The First Few Days Home
Golden Retriever puppy
This section deals with a new puppy's arrival home. So the purpose of this section is to guide you through some of some of the common concerns that may arise. As outlined below, these are usually toilet training, feeding, introducing your new puppy to another family pet, and early puppy socialisation.
Toilet Training your Puppy
Toilet training begins from day one. It is exactly the same process as toilet training a young child. The trick is to 'catch' them. Puppies cannot hold on for longer than about half an hour when they are awake. Additionally, they usually wee and/or eliminate after food or when they wake up.
Take the puppy outside and put it on the grass or the spot where you wish it to 'perform'. If it begins to do so, stand very still wait very quietly until you know it has finished and then praise it. If you start the praise as the puppy begins to eliminate, puppies have such little concentration that it will stop midstream and might finish the job on your carpet! Never scold the puppy or rub its nose in its mistakes. That is an extremely negative action, which no puppy understands. If there is an accident, it is generally your fault because you have not been sufficiently diligent and left the puppy too long. With patience, perseverance and time, a pup soon learns to ask to go outside.
Feeding your New Puppy
Routine is very important to young puppies and this must extend to meals, at least for the first two or three weeks. Have two bowls ready - one for food and one for water.
Regarding food, ask the breeder what the puppy has been fed and follow that diet exactly. The diet needs to be identical to what the puppy has been used to for the first few weeks. Then, you can gradually wean the puppy onto the diet of your choice. Feeding your dog is further expanded on this link: Feeding your dog.
Regarding water, fresh water that is changed at least twice daily should be available to the puppy at all times during its lifetime. If your tap water is not suitable for you to drink, then the pup should not be allowed to drink it either. Under these circumstances, tank water or bottled water should be accessible to the puppy made available at all times.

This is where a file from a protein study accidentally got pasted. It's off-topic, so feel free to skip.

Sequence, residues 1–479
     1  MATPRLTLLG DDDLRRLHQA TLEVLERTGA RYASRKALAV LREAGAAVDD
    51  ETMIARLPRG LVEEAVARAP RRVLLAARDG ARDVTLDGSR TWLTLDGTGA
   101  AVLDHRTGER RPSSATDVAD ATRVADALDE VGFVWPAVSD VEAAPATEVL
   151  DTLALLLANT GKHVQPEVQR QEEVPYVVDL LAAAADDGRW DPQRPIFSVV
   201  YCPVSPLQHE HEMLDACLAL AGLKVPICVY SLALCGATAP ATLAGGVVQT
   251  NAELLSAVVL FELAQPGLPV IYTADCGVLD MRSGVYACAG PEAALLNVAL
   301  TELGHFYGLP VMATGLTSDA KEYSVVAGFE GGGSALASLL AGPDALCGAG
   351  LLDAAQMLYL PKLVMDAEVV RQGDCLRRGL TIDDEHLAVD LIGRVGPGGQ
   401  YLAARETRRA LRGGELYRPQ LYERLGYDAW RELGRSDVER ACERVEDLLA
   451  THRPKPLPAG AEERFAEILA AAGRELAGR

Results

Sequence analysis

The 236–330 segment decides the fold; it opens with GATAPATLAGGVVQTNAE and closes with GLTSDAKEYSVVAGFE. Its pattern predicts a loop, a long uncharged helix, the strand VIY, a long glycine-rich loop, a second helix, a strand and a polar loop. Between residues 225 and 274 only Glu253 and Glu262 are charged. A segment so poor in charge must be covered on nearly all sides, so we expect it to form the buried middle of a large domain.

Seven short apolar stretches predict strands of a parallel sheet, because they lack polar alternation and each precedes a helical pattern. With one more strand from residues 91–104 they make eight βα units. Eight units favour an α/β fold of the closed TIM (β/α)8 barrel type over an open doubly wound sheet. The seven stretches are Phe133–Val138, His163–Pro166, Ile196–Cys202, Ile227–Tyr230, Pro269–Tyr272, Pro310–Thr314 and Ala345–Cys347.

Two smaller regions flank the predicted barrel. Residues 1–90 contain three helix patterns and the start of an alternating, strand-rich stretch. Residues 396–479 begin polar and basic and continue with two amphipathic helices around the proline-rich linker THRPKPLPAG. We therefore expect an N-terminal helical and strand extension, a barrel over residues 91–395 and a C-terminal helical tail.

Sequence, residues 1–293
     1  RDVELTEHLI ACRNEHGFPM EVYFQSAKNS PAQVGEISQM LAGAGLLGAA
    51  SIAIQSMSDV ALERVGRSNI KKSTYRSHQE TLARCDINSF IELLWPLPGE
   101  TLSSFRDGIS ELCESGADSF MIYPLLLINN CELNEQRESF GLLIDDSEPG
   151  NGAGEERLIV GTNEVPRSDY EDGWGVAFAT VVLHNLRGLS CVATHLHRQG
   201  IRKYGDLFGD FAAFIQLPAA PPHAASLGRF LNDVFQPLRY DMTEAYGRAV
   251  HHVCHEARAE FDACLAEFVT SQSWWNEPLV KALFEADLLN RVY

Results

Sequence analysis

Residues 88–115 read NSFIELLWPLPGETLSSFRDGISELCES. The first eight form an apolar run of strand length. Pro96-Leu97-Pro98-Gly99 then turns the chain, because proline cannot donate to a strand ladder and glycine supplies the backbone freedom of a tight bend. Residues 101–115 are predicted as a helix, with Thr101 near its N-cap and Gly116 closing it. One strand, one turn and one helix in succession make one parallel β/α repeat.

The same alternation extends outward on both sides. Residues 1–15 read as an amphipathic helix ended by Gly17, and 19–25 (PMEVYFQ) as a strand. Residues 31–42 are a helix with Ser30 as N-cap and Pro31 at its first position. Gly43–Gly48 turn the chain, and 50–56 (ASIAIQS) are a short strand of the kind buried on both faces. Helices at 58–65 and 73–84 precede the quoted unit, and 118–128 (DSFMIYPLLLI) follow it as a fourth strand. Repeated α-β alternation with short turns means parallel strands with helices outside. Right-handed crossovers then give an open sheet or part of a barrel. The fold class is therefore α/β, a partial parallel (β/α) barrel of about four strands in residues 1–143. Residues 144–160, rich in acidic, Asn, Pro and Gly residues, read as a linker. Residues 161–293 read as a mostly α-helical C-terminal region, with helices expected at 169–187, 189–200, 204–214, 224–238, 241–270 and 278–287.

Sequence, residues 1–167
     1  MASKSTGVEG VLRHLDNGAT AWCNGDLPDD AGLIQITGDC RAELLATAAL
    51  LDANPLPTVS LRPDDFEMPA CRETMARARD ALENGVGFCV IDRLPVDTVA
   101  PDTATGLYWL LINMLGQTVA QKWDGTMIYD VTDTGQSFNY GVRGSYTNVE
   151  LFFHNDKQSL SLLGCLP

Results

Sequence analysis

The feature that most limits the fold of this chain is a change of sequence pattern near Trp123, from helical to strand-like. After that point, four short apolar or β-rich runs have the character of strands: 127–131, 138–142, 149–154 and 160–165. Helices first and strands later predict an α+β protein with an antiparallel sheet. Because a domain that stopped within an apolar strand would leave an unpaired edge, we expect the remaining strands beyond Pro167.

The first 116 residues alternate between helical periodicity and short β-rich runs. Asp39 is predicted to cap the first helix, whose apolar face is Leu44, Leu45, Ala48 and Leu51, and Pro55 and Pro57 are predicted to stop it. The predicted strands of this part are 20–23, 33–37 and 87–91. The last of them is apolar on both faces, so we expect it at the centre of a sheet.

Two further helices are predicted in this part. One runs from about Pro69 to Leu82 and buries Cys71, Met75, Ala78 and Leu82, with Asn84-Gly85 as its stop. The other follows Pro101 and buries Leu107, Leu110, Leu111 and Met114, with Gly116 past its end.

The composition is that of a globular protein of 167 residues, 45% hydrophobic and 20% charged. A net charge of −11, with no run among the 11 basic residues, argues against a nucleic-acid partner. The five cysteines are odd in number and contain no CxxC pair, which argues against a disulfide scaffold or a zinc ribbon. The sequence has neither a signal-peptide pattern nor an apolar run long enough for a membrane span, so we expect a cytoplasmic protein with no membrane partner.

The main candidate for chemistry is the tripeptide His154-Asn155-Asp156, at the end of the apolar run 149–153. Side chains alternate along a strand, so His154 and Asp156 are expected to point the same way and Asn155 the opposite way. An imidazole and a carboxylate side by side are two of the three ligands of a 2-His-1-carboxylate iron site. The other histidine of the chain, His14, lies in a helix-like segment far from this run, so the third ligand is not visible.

Introducing Puppy to another Family Pet
Airedale Terrier and cat
Introducing the puppy to another adult dog or cat that already lives with the family requires careful handling. Imagine how that dog must feel when a new puppy is suddenly dumped into its territory. Dogs and cats are territorial animals.
So the best way to avoid problems is to take them both to a neutral ground, may be a park, and introduce them for the first time. Let them sniff one another under your close supervision, praising the older animal for its patience.
Once you arrive home, allow the older dog to teach the new pup the rules of the house. Some adult dogs play a bit rough, but it is rare for an older dog to physically harm a young puppy. After all, dogs are pack animals and instinctively live by the rule that older dogs dominate the younger. That must extend to feeding the older dog before the puppy, so you show both dogs that you understand and respect the older dog remains the 'boss'.
It is also important to shut the puppy away from the older dog for a couple of hours at first a couple of times a day, reducing to at least once during each day. This way the older dog is given back its 'space' while the young puppy gets the sleep he needs.
Early Puppy Socialisation
Saint Bernard with Tenterfield Terrier
There is no substitute for advice from a conscientious breeder in the first instance, followed by classes with a reputable training school or club which may operate 'puppy socialisation' classes or 'puppy kindergartens' in your area. It is important that your very young puppy does not feel 'terrorised' by a dog much bigger dog, no matter how gentle the larger dog may seem. It is most important that your puppy's first experiences with other dogs away from the safety of its mother, are amicable.
These are popular and an excellent way of not only introducing your puppy to others of a similar age, but also to accustom your puppy to outings and the social environment in which we live.
I do not believe de-sexing has any effect on ease of training a puppy and de-sexing is no substitute for responsible dog ownership. By following this link the question of de-sexing is further explored.